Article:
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Industry eyes Thunderbolt USB port connections to achieve commonality

The X9 Spider 3U VPX System connected to a SOSA-compliant single-board VPX with a common pinout. General Micro Systems is looking to meet interoperability requirements by leveraging Thunderbolt connections. (Carlo Munoz )

Combat information technology company General Micro Systems (GMS) is betting that integration of Thunderbolt USB port connections into present and future US armed forces' platforms could be the key to solving the Pentagon's interoperability challenges.

The release of GMS's new X9 Spider OpenVPX Single Board system, unveiled during the Association of the United States Army's annual symposium in Washington, DC, coincided with the company's decision to adopt standardised requirements for hardware development under the Sensor Open Systems Architecture (SOSA) framework for open, common standards on sensor and communication subsystems.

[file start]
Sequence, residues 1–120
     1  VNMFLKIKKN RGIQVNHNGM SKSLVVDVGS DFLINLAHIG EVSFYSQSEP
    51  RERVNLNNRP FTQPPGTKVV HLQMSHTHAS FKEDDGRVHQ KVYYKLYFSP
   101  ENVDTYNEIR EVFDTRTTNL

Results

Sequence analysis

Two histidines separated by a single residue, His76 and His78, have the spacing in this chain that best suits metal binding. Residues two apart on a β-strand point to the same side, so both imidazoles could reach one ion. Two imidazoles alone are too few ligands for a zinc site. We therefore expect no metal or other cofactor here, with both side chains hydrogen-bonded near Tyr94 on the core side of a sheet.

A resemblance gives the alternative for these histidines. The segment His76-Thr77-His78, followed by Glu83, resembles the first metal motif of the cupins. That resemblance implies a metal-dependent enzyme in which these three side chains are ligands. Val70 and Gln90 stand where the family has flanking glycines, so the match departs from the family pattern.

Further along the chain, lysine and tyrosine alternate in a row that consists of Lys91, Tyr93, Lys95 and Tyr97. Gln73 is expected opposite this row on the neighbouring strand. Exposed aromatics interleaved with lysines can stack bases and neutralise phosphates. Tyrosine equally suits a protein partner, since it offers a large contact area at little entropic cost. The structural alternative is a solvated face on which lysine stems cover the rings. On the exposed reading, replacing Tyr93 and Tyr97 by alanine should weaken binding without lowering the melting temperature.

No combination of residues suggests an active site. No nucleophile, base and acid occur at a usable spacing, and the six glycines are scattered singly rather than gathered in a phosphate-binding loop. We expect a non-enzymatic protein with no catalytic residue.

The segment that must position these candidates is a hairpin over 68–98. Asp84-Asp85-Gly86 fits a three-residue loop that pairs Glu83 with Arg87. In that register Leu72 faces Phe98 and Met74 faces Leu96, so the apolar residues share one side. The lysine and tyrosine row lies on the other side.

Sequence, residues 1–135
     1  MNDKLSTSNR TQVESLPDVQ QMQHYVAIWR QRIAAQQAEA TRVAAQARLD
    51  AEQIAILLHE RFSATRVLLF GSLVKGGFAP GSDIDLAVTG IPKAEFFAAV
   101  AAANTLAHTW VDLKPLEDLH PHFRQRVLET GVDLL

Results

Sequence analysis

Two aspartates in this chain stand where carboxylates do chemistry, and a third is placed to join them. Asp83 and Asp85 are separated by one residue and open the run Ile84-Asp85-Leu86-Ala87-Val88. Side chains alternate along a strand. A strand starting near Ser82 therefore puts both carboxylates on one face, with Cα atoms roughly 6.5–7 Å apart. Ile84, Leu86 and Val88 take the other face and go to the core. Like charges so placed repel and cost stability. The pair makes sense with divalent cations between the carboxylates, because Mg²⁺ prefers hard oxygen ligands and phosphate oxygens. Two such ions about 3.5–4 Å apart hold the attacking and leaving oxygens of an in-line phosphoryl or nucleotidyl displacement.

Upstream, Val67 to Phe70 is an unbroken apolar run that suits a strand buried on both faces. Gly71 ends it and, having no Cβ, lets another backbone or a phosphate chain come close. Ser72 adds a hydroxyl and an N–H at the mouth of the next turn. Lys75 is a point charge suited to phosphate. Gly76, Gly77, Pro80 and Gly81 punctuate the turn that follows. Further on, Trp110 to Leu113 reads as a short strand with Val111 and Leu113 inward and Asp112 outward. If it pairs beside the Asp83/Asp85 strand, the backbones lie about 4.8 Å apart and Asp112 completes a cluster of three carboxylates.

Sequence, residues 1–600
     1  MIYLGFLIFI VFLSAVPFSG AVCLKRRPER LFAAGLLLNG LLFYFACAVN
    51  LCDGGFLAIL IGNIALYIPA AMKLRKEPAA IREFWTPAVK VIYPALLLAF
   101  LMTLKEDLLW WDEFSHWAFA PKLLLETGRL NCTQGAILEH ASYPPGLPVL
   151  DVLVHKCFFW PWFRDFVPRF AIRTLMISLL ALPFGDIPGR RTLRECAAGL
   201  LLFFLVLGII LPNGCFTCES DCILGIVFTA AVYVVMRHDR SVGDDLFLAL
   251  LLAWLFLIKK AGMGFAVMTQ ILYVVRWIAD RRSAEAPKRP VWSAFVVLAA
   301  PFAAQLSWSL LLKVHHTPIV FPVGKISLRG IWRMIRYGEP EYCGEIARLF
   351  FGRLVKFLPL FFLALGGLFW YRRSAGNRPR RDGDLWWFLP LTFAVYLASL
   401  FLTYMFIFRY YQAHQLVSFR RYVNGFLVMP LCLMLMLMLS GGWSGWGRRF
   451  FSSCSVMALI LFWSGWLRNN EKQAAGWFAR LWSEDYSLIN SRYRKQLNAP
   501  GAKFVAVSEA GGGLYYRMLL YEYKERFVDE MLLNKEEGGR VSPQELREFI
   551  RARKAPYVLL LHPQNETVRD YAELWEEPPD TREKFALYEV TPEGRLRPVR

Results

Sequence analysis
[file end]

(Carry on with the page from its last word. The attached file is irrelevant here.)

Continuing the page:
The X9 Spider module variants on display during the symposium featured several Thunderbolt USB4 port connections along with 100 gigabit-capable Ethernet ports, which combined can transmit upwards of 455 gigabytes per second, according to a company fact sheet. The X9 board is built around an Intel 11 gen Core i7 computer processing unit with 64 gigabits of internal memory.

While the X9 is comparable to other SOSA-compliant single-board VPX systems, the company's decision to integrate the Thunderbolt port connectors as the main gateway for subsystem integration into a given platform, rather than utilising a common card pinout or chassis, is unique.

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